The spread of refrigeration in China will create positive and negative externalities that relate to productivity, diet, health and the environment.

The Spillover from Refrigerators in China

by Elaine Schwartz    •    Aug 4, 2014

Reading about the early stages of a refrigeration boom in China, I thought about Clarence Birdseye.

In 1915, after fishing in Labrador’s sub-zero temperatures, Clarence Birdseye was astounded that his frozen fish was tasty when it thawed weeks later. In 1926, he introduced his “quick freeze machine” and the rest is frozen food history.

Where are we going? To get from the factory to the dinner table, frozen food requires a cold chain.

Think for a moment of a Birds Eye box of frozen vegetables…maybe Tiny Tender Sweet Peas. Frozen in the factory, a box of peas needs refrigeration to get to the food store, icy temperatures in the supermarket and then a freezer in someone’s home. By 1944 Birdseye had leased refrigerated box cars as a part of its cold chain and was developing grocery store freezer display cases. However, it was not until after WW II that the cold chain got its final link with the take-off of mechanical refrigerator sales. Now more than 99% of US households has a refrigerator.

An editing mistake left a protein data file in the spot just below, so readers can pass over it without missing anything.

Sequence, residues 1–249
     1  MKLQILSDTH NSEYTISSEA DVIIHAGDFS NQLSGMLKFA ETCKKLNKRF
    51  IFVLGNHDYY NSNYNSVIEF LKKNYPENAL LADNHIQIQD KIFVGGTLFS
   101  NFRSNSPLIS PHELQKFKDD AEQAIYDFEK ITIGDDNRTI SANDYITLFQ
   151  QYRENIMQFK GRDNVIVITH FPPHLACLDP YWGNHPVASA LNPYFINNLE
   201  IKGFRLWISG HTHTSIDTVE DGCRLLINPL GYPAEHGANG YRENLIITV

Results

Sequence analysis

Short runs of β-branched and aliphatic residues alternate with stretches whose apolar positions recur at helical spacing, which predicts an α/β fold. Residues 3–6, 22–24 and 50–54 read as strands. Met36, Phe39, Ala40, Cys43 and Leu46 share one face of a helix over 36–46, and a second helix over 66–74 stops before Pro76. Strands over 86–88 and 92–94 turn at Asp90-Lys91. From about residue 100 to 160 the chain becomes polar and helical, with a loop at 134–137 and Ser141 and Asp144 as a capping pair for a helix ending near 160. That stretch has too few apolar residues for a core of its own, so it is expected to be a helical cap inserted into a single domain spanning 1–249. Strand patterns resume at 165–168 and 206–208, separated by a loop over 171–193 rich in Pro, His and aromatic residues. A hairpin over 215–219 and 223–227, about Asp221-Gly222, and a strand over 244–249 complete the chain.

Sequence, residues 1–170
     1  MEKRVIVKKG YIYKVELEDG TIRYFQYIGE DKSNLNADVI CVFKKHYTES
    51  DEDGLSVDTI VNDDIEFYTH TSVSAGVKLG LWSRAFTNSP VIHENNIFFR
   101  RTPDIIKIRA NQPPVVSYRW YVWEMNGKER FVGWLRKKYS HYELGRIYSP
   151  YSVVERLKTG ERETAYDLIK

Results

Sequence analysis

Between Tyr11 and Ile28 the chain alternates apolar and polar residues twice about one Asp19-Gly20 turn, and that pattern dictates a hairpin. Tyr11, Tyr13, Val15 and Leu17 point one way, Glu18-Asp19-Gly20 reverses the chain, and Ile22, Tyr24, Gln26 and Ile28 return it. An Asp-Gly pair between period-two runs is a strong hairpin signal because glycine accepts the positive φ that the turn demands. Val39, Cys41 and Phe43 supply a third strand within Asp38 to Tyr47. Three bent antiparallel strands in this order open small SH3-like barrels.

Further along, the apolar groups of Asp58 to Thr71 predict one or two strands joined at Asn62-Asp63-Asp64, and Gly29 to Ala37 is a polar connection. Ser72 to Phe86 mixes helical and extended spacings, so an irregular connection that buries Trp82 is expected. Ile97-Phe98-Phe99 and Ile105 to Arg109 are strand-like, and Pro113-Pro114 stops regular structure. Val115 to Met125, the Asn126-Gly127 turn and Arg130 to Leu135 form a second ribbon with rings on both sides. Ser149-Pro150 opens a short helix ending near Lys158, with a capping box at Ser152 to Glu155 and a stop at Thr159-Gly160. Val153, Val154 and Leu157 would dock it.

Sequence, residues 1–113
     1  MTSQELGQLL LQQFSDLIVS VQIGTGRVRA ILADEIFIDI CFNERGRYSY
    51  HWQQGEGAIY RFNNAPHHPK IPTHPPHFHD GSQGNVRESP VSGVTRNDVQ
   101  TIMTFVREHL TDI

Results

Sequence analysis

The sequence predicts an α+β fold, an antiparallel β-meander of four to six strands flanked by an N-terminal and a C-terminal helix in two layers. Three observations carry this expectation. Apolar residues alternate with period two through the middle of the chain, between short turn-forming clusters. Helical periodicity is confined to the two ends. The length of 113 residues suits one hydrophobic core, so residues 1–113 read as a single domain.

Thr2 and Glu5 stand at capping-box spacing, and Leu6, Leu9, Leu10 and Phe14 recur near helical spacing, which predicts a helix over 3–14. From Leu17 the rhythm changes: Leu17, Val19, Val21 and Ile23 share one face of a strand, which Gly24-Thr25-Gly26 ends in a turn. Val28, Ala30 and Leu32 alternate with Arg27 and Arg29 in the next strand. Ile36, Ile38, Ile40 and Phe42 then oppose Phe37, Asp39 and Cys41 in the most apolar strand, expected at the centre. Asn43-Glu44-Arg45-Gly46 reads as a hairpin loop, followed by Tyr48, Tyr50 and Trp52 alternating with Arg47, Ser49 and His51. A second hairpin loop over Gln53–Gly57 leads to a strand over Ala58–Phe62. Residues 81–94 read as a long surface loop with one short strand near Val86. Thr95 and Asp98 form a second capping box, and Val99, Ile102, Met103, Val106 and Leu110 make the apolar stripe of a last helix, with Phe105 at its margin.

In China, the cold chain seems to be starting in the home. During the past 25 years, the proportion of urban Chinese households with a refrigerator has increased from 10% to 90%. On the distribution side though, China’s inadequate cold chain has resulted in considerable spoilage. Less than 25% of China’s meat supply has a cold chain and for fruits and vegetables, the total is close to 5%. As you might predict, China is trying to encourage refrigerated warehouse building with subsidies, tax breaks and even a picture with Premier Li Kequiang.

The place I would like all of this to take us is how refrigerators will transform what China’s population will buy, what they eat, and their impact on the environment. No longer shopping for food each day, they will have more productive time. Refrigerators can improve health by minimizing food-borne disease and maximizing variety. On the down side though, being able to store food at home means you buy more and waste more. Also, so monumental an expansion of Chinese refrigeration will generate a huge increase in energy consumption and greenhouse gases.

Our bottom line: In the United States during the 20th century and currently in China, the spread of refrigeration through an expanding cold chain has considerable spillover that we would call externalities. Positive and negative, externalities are the impact of a transaction between two parties upon a third uninvolved individual or group.

Sources and more...In an excellent NY Times Magazine article and at her website, journalist Nicola Twilley tells the Chinese refrigeration story. To contrast China's progress, I looked at US appliance history and facts and Birds Eye history in this article, this government website, and my book, Econ 101 1/2.  

« »